The Ecological Society of America's Vegetation Classification Panel
Changes in the natural resources fields (e.g., a shrinking natural resources base, societal shifts in values, etc.) are resulting in demand for an "ecosystems" approach to research, planning, and management (Jennings 1995). Yet, until recently, there was not a consistent set of defined categories for naturally occurring assemblages of species (Orians 1993) that can be reliably used as building blocks for characterizing ecosystems at alpha, beta, delta, and gamma scales of diversity (sensu Whittaker 1960, 1977). There has never been as much land cover mapping activity in the U.S. as there is today. Although the GAP state projects are the principal source of the increase, GAP overall is but one of several major efforts. With all this activity, the development of a broadly accepted classification system that is maintained within a scientific peer-reviewed arena and recognized by government agencies is critical.
At the Ecological Society of America's (ESA)1994 meeting, an ad hoc group of members met to discuss the circumstance of and need for a standardized vegetation classification system. This led to the establishment by ESA of a standing panel on vegetation classification, made up of about 20 ESA members and several nonmember experts. The panel is working under the aegis of and with staff support of the ESA Sustainable Biosphere Initiative (SBI).
The panel's mission is to provide a standardized, scientifically credible North American vegetation classification system, given the following objectives:
The panel held its first full meeting at the 1995 conference of the International Association for Vegetation Science and began by reviewing the standards being proposed by the Federal Geographic Data Committee's Subcommittee on Vegetation Classification (FGDC-VC). In summary, the ESA panel suggested that FGDC-VS adopt the following language regarding purpose and policy:
"The purpose for these standards is to foster consistency, precision, and clarity in the structure, labeling, definition, and application of a systematic natural land cover taxonomy for the United States. Consistency, precision, and clarity are critical for effective and efficient decisions about resources where the focus is on complex natural assemblages of biotic organisms.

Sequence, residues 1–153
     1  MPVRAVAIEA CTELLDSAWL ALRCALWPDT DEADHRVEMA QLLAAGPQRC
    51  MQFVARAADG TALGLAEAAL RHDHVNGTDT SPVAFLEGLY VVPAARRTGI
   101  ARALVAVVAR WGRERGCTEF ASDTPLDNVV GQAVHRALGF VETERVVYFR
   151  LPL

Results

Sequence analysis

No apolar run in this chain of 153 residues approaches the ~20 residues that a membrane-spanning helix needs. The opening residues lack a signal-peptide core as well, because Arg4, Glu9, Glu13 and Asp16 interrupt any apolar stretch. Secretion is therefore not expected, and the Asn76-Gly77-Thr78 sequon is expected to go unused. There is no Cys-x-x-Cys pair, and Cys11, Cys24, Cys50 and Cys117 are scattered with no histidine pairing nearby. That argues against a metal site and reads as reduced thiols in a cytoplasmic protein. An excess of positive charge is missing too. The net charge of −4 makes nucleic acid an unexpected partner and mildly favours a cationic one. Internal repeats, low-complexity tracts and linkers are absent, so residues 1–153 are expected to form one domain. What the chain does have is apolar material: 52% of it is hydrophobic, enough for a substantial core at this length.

These standards are intended for use by both federal agencies and other user groups, including those engaged in land use planning or management by county and state governments, teaching or research, and uses by the private sector. Widespread use of these standards will facilitate integration of land cover data collected by diverse users into a common national database, enhancing utility beyond single projects and establishing a long-term framework for the nation's natural land cover information."
The ESA panel went on to comment on and suggest changes to the assumptions, guiding principles, definitions, structure, requirements, and procedures for reaching closure on standards that were then being proposed by FGDC-VS.
At the panel's last meeting (March 17-19) agreement was reached to propose that ESA take lead in establishing the following:
Descriptions of each of these components are now being developed and will be presented to the general membership at the annual ESA conference in August. For more information, contact Bruce Kahn at the SBI at firstname.lastname@example.org or call (202) 833-8748.
Jennings, M.D. 1995. A confluence of biology, ecology and geography for the management of biological resources. The Wildlife Society Bulletin 23:658-662.
Loucks, O.L. 1996. 100 years after Cowles: A national classification for vegetation. Bulletin of the Ecological Society of America 77:75-76.
Orians, G.H. 1993. Endangered at what level? Ecological Applications 3:206-208.
Whittaker, R.H. 1960. Vegetation of the Siskiyou mountains, Oregon and California. Ecological Monographs 30:279-338.
Whittaker, R.H. 1977. Species diversity in land communities. Evolutionary Biology 10:1-67.
Michael D. Jennings, National
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